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Women Study Computer Science, So Why Are There So Few Women in Tech?

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Recent studies show that a vast majority of female students are interested enough in tech to study it in college, however, the number of women in tech careers doesn’t reflect that – not even by a long shot. Let’s take a look at why so many women fall off the tech career path before even choosing a major.

Women in tech

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Tech jobs prove to be some of the most promising and lucrative careers out there, but it seems to be a “boys-only” club that isn’t too accommodating to womenfolk. In fact, men outnumber women 7 to 3 in the tech industry, and after hearing some of the horror stories from women in the tech, it’s understandable why few women would want to pursue a career in such a male-dominant sector. Despite the courageous efforts to level the playing field by various tech giants, such as LinkedIn and Facebook, the numbers still aren’t improving enough.

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Looksharp, the largest internship and entry-level job marketplace in the United States, recently released its State of College Hiring 2015 report that is based off of the feedback from over 50,000 college students and graduate students. Even at the internship level in a student’s career, women seem uninterested in pursuing tech internships, according to the report (12.6 percent of female students versus 36.6 percent of male students).

The baffling part is that, regardless of their major, 46.5 percent of female students have taken at least one computer science course in college with the intent of “standing out in the job market.” However, actual female computer science majors are few and far between, according to the study’s findings. Roughly 3,000 of the 50,000-plus students surveyed were computer science majors and, of those 3,000 students, only 25.6 percent were female. It isn’t so much that female students aren’t pursuing or aren’t cognizant of the benefits of an education in tech, but rather that something along the way in their collegiate careers is discouraging them from turning their academic studies into a career in tech.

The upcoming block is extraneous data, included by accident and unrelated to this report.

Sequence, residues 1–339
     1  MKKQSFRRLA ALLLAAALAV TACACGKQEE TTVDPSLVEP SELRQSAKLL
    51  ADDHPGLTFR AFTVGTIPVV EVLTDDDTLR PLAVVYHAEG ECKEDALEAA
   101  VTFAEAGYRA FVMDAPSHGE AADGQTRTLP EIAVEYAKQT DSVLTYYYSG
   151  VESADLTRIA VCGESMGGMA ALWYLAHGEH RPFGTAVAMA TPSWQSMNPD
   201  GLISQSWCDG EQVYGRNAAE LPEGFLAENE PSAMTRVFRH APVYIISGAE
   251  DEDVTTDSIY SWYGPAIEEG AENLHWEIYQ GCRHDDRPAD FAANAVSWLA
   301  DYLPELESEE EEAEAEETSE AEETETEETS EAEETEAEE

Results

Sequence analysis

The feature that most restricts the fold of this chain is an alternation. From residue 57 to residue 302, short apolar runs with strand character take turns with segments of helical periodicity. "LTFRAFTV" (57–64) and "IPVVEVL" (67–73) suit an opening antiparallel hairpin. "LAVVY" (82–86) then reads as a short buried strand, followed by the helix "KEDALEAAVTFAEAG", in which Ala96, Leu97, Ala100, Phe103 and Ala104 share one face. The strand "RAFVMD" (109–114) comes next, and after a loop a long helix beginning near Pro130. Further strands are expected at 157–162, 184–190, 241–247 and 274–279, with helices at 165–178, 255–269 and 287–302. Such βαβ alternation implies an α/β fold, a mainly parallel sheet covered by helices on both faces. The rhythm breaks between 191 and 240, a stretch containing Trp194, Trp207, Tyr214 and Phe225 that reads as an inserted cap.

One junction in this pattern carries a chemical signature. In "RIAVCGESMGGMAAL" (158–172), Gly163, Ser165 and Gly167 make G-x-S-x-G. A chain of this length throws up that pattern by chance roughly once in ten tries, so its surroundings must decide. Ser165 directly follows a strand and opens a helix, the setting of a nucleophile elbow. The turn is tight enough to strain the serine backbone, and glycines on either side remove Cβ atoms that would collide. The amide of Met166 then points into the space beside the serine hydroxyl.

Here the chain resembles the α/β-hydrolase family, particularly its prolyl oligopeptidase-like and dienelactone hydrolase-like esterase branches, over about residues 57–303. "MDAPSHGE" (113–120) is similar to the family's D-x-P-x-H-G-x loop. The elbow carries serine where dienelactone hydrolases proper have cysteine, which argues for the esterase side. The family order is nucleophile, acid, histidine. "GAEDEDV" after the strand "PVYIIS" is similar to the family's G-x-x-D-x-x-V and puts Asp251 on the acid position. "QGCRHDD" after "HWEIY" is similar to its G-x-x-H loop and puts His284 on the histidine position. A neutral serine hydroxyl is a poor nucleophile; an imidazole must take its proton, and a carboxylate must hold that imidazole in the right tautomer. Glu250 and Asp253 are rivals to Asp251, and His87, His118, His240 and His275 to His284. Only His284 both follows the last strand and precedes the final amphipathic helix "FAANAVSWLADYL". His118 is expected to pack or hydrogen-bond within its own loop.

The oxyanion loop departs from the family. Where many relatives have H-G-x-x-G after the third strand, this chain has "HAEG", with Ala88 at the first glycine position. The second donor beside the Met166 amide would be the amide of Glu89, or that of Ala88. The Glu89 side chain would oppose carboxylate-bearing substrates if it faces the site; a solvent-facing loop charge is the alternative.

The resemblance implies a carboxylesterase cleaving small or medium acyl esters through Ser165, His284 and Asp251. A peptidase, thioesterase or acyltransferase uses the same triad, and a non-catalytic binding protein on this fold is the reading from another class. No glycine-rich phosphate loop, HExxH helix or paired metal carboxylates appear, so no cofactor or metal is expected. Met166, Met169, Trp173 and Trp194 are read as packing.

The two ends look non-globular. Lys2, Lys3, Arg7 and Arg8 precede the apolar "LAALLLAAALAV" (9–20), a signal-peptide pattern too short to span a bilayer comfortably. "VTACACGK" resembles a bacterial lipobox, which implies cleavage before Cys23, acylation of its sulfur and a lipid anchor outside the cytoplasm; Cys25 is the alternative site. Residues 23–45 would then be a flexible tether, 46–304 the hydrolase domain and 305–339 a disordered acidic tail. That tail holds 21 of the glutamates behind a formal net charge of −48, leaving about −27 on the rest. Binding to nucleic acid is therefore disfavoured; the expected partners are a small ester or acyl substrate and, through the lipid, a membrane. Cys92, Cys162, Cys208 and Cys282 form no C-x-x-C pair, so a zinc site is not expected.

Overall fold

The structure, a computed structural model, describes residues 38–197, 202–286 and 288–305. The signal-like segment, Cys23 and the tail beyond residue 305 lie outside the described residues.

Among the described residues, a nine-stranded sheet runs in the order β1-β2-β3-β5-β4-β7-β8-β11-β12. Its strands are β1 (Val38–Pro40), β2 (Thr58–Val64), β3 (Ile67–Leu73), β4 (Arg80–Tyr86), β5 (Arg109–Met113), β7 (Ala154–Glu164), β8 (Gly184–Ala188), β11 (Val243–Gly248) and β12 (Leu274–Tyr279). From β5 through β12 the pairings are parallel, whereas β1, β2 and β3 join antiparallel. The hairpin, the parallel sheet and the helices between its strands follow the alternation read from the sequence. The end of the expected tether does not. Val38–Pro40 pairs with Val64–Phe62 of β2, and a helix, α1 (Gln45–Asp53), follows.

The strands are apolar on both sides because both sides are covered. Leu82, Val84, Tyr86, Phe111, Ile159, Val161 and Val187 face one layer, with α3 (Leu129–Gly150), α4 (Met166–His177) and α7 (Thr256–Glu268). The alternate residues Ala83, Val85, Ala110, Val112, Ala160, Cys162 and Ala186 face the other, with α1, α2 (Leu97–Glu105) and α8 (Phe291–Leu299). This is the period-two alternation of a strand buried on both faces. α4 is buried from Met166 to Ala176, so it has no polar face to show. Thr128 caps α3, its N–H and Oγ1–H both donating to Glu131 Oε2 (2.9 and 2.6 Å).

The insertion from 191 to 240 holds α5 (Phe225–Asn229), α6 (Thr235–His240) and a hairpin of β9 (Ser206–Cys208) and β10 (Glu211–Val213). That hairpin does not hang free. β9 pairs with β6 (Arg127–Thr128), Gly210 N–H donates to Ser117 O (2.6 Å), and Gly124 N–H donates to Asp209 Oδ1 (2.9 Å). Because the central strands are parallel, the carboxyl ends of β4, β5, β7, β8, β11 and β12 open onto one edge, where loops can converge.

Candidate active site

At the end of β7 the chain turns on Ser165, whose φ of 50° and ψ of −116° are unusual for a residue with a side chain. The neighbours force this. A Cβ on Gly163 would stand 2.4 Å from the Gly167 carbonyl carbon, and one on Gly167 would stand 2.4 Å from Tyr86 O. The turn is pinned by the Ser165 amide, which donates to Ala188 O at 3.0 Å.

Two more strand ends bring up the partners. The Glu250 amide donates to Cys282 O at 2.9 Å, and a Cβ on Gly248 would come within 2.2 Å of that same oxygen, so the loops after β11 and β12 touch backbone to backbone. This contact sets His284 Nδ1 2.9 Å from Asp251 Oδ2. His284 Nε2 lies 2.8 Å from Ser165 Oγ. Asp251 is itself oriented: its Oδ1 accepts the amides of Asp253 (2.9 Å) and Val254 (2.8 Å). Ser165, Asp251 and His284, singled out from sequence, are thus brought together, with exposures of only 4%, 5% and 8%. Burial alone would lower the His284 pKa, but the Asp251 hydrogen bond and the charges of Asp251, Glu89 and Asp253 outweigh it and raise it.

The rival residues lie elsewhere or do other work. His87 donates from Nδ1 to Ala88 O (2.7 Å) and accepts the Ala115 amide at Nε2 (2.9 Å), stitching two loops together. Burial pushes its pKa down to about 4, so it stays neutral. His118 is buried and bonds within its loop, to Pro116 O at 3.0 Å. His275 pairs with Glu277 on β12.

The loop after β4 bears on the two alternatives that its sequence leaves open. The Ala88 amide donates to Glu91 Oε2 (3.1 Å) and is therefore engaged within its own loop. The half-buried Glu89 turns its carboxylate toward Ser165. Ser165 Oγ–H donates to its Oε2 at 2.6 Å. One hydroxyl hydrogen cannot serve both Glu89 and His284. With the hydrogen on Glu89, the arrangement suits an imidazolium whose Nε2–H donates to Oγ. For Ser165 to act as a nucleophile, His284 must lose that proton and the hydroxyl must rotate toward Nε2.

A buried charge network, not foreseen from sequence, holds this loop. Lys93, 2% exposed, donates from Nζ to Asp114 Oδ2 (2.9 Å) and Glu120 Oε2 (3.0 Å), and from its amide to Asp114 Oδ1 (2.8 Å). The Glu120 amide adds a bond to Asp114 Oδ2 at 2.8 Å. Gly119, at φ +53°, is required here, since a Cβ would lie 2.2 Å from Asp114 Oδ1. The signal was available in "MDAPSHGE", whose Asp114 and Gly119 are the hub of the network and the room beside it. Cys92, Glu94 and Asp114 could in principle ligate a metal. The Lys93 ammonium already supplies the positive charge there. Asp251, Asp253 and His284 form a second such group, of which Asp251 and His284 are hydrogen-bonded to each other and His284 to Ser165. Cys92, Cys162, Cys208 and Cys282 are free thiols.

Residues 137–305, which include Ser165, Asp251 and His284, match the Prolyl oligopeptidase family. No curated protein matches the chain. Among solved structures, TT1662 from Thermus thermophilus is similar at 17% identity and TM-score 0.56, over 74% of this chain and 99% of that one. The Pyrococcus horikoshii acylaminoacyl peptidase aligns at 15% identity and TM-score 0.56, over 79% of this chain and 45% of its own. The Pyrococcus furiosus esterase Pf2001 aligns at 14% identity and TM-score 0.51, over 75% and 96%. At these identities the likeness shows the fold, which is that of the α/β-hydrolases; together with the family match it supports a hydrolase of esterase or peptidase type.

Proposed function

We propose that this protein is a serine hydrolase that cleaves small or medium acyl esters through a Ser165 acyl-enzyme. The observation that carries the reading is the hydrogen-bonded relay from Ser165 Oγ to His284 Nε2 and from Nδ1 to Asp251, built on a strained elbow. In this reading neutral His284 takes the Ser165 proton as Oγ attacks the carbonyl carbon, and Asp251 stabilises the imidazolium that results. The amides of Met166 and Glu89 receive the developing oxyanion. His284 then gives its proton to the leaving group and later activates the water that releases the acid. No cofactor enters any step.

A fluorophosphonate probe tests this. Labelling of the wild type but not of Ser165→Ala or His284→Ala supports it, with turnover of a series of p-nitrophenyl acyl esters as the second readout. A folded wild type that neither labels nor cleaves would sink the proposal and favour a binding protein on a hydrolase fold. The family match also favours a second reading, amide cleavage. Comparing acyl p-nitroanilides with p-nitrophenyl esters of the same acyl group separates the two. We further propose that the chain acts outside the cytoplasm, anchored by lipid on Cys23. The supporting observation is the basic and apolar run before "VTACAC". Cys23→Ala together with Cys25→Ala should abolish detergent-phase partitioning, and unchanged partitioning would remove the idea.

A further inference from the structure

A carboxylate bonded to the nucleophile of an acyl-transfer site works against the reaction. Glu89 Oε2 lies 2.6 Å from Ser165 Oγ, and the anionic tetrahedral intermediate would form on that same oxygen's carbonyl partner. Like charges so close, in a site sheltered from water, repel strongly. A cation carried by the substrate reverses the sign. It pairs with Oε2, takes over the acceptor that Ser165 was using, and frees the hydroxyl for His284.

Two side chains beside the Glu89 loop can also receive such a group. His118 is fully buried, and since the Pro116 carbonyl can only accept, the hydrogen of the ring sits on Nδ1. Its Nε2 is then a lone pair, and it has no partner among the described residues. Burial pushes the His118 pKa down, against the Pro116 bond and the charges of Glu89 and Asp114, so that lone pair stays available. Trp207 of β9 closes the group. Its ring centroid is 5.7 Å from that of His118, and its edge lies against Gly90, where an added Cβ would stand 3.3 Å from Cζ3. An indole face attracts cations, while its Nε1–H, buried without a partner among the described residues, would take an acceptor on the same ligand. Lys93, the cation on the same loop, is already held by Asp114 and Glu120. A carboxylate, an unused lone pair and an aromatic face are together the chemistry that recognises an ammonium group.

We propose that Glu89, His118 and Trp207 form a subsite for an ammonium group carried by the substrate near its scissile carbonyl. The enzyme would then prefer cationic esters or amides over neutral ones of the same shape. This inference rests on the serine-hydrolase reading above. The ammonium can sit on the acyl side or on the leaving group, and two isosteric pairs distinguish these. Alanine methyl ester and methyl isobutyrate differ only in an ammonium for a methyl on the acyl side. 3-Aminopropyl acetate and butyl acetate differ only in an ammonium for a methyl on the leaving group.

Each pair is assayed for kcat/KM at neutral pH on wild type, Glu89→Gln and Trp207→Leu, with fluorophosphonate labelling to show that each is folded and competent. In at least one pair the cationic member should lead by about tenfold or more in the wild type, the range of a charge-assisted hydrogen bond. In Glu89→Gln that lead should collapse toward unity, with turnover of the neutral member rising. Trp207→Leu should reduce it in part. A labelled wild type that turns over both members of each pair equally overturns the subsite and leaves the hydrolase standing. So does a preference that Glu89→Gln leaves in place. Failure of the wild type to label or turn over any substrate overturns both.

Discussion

In the end, everyone is free to choose his or her career path, but who’s to say that the unconscious bias that exists in male-dominant industries, like tech, isn’t a big reason why women aren’t interested in pursuing a career in tech. There isn’t any finger-pointing going on here, but rather a need to point out the not-so-obvious.

Harvey Mudd President Maria Klawe says that one of the top reasons women shy away from careers in tech is that they believe they wouldn’t be good at it. That’s certainly not true. What about the leading ladies of tech like Facebook’s Sheryl Sandberg, Yahoo!’s Marissa Mayer, eBay’s Meg Whitman, and these other powerhouse ladies who are paving the way for the younger generations of female techies? They’re obviously doing something right.

Careers in tech are known to be extremely lucrative and secure, and they also tend to offer employees the most laidback, flexible work cultures out of any other industry (e.g. Google), which are perks that are highly desirable to working women, especially working mothers. The bottom line is, the tech industry needs more women (and diversity), not to level the playing field, but to fuel innovation for the future. Therefore, gear up, ladies. It’s time to make history … again!

Tell Us What You Think

What do you think discourages women from pursuing careers in tech? Share your thoughts in the comments section below, or join the conversation happen on Twitter.

Leah Arnold-Smeets
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Nadia
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Nadia

I don’t think the ladies you use as examples are a hood choice. They are managers, not technicians, the bias are still there, but for different reasons. This is my, admittedly small, real life example. I started working in IT 25 years ago. My class was one of the first attempts in Italy to create an university degree in Computer Science, and females were a good third of the students. The problem seem to be that a lot of us left the field, taking an administrative job or going to work in helpdesk. Meeting a fellow female system engineer only… Read more »

Brian
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Brian

You can’t have more female Software Developers if only 25% of graduates in Computer Science are female. I believe this has less to do with bias in the industry and more to do with the Geek/Nerd persona pushed by Hollywood and other medias. Until the 1980s the male/female ratio was about equal, after that companies like Atari started to push advertising for boys for computer games. This started the ball rolling to giving a perception that computers are nerdy and only for boys… Sadly this image has stuck with the profession and is only now slowly starting to change.

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